>> Larry Lemmons:
If mysticism indeed imbues the Biltmore's design, it's due to the architect on record, Albert Chase MacArthur, and his collaborator and teacher Frank Lloyd Wright. Construction of the resort was costly and MacArthur's brothers who originally owned the hotel lost it the year after completion to chewing gum magnate William Wrigley, Jr. Controversy remains to the extent of Wright's contribution to the design. His influence is evident in many ways but specifically in the Biltmore block, pre-cast blocks made from desert sand on site.

>> Vernon Swaback:
Everybody agrees that Wright worked on this building. There's no question about that. Everybody agrees that Albert chase MacArthur and he came to a parting of the ways and the whole question is what did he do while he was working on it? And those of us who feel strongly about some understanding of Wright's philosophy and the expression of his architecture just see the unmistakable imprint of his designs.

>> Mae Sue Talley:
It was also a very gracious establishment in those days. And I think that enriched the community because people were able to enjoy that way of life. When Mr. Wrigley owned it, when we owned it, it was the number 1 resort in the nation. It was the only five-star hotel in Arizona. So, of course, wealthy people sought the best, and when they saw the Biltmore was the number 1 resort in the United States they came here. Also there was a very loyal following in the early days, namely when Mr. Wrigley owned it, of eastern families who would come and spend the bulk of the winter. They would take one of the cottages or a suite and they enjoyed the wonderful clean air we had then. It was open spaces. It was beautiful desert. 12 hundred acres -- 1200 acres open land around the hotel, there wasn't much beyond it in those days. So it had a special magic. I mean, people really loved coming and enjoying that.

>> Larry Lemmons:
In 1973 the Biltmore caught fire shortly after the Wrigley family sold the hotel to Talley industries. Rather than raze the cherished Arizona institution the Talleys decided to rebuild.

>> Vernon Swaback:
The Taliesin architects of the Frank Lloyd Wright foundation were engaged to undertake the restoration which had to happen in a period of 90 days. Up until that time all the resorts in Phoenix basically closed for the summer, which was the Biltmore's pattern. So it was closed when the fire started. Price Waterhouse was the first convention booked in for September to September 23rd, and so a decision had to be made whether to go into high gear, you know, like three shifts a day and get the hotel ready, which meant horrendous expense and effort, or to miss a whole season. So the decision was made to restore the hotel quickly.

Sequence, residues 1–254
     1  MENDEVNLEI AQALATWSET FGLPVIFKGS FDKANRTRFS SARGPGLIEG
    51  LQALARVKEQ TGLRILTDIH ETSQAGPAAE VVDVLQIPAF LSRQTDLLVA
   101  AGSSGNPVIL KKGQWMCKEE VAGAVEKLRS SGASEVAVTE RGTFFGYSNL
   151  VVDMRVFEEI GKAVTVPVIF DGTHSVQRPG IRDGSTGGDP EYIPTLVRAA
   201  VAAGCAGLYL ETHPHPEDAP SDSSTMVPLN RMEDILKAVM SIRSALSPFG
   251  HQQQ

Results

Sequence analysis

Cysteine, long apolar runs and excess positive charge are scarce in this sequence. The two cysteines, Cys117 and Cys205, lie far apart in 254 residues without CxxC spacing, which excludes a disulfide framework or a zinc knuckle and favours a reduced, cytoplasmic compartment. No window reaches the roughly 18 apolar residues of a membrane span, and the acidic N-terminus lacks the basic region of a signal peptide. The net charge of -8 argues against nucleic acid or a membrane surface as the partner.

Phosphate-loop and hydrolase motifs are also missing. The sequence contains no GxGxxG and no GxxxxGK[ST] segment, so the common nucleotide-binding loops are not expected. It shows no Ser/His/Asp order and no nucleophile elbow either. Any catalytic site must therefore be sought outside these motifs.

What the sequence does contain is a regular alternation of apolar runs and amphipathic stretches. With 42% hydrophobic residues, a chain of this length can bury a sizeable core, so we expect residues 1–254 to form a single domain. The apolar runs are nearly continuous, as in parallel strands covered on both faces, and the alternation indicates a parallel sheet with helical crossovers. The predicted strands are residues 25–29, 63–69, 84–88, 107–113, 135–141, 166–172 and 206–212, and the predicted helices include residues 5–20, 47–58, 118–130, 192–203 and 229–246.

>> Mae Sue Talley:
We did somehow manage to finish it. They were laying the carpet in the lobby at 3:00 a.m. the morning that we opened for our first guest to come.

>> Larry Lemmons:
Today the hotel is under new management, but the jewel still sparkles, and the legends endure of the place where Irving Berlin wrote white Christmas, where guests could get around prohibition, where a multitude of celebrities and politicians continued to stay. The Arizona Biltmore is not overtly lavish, nor especially exclusive. It is simply one-of-a-kind.

>> Vernon Swaback:
There's only one Biltmore, and it's that because it's authentic, genuine, it's of the place, it's of the time, it's true to its sense of materials, it has a sense of space which is not about grandeur or bigness, but about responding to human scale, human feelings, and when that occurs, wherever it is, in the face of the earth, it endures.

>> Michael Grant:
Every Monday on "Horizon" we feature a new Arizona story. Next Monday, we'll tell you the fascinating tale of a native American musical success story, Canyon Records.

>>> Paul Atkinson:
About 200,000 people attend --

>> Michael Grant:
Wednesday we will continue the Arizona education report card with a focus on Arizona's university system. Thursday we'll continue the series with a look at the impact of charter schools, and, of course, on Friday we invite you to join us for the Journalists' Roundtable. Since you missed it, tomorrow we'll be focusing on the impact of community colleges in our state. Thank you very much for joining us on this Monday edition of "Horizon." I'm Michael Grant. Have a great one. Good night.